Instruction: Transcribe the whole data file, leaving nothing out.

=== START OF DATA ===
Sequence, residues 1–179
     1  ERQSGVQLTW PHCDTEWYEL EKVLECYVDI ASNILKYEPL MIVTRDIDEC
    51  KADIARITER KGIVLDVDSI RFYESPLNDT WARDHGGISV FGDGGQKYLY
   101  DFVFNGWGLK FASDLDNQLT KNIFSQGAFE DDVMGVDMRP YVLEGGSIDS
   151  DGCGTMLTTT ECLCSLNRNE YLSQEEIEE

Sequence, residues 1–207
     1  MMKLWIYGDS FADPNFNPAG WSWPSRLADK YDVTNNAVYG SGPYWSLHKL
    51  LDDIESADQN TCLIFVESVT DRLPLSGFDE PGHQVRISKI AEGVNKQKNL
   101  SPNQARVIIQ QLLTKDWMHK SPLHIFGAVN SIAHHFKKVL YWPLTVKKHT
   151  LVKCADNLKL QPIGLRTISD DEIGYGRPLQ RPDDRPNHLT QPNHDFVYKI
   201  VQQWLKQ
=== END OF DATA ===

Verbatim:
Sequence, residues 1–179
     1  ERQSGVQLTW PHCDTEWYEL EKVLECYVDI ASNILKYEPL MIVTRDIDEC
    51  KADIARITER KGIVLDVDSI RFYESPLNDT WARDHGGISV FGDGGQKYLY
   101  DFVFNGWGLK FASDLDNQLT KNIFSQGAFE DDVMGVDMRP YVLEGGSIDS
   151  DGCGTMLTTT ECLCSLNRNE YLSQEEIEE

Sequence, residues 1–207
     1  MMKLWIYGDS FADPNFNPAG WSWPSRLADK YDVTNNAVYG SGPYWSLHKL
    51  LDDIESADQN TCLIFVESVT DRLPLSGFDE PGHQVRISKI AEGVNKQKNL
   101  SPNQARVIIQ QLLTKDWMHK SPLHIFGAVN SIAHHFKKVL YWPLTVKKHT
   151  LVKCADNLKL QPIGLRTISD DEIGYGRPLQ RPDDRPNHLT QPNHDFVYKI
   201  VQQWLKQ